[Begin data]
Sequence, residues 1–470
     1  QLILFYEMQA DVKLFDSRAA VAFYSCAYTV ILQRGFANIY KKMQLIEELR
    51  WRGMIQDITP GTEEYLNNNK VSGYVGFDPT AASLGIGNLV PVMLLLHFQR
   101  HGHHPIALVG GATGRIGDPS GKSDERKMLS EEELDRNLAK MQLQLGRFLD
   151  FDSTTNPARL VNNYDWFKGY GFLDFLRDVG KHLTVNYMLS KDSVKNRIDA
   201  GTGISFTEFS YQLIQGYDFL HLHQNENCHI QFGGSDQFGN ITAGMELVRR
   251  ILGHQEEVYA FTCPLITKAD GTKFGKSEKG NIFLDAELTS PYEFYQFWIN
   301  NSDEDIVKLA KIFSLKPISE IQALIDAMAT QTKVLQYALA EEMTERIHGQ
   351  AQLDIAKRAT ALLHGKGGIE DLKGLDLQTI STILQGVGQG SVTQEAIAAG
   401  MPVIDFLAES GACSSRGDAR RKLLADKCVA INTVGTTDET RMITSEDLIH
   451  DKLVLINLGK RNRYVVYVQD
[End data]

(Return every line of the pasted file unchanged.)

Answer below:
Sequence, residues 1–470
     1  QLILFYEMQA DVKLFDSRAA VAFYSCAYTV ILQRGFANIY KKMQLIEELR
    51  WRGMIQDITP GTEEYLNNNK VSGYVGFDPT AASLGIGNLV PVMLLLHFQR
   101  HGHHPIALVG GATGRIGDPS GKSDERKMLS EEELDRNLAK MQLQLGRFLD
   151  FDSTTNPARL VNNYDWFKGY GFLDFLRDVG KHLTVNYMLS KDSVKNRIDA
   201  GTGISFTEFS YQLIQGYDFL HLHQNENCHI QFGGSDQFGN ITAGMELVRR
   251  ILGHQEEVYA FTCPLITKAD GTKFGKSEKG NIFLDAELTS PYEFYQFWIN
   301  NSDEDIVKLA KIFSLKPISE IQALIDAMAT QTKVLQYALA EEMTERIHGQ
   351  AQLDIAKRAT ALLHGKGGIE DLKGLDLQTI STILQGVGQG SVTQEAIAAG
   401  MPVIDFLAES GACSSRGDAR RKLLADKCVA INTVGTTDET RMITSEDLIH
   451  DKLVLINLGK RNRYVVYVQD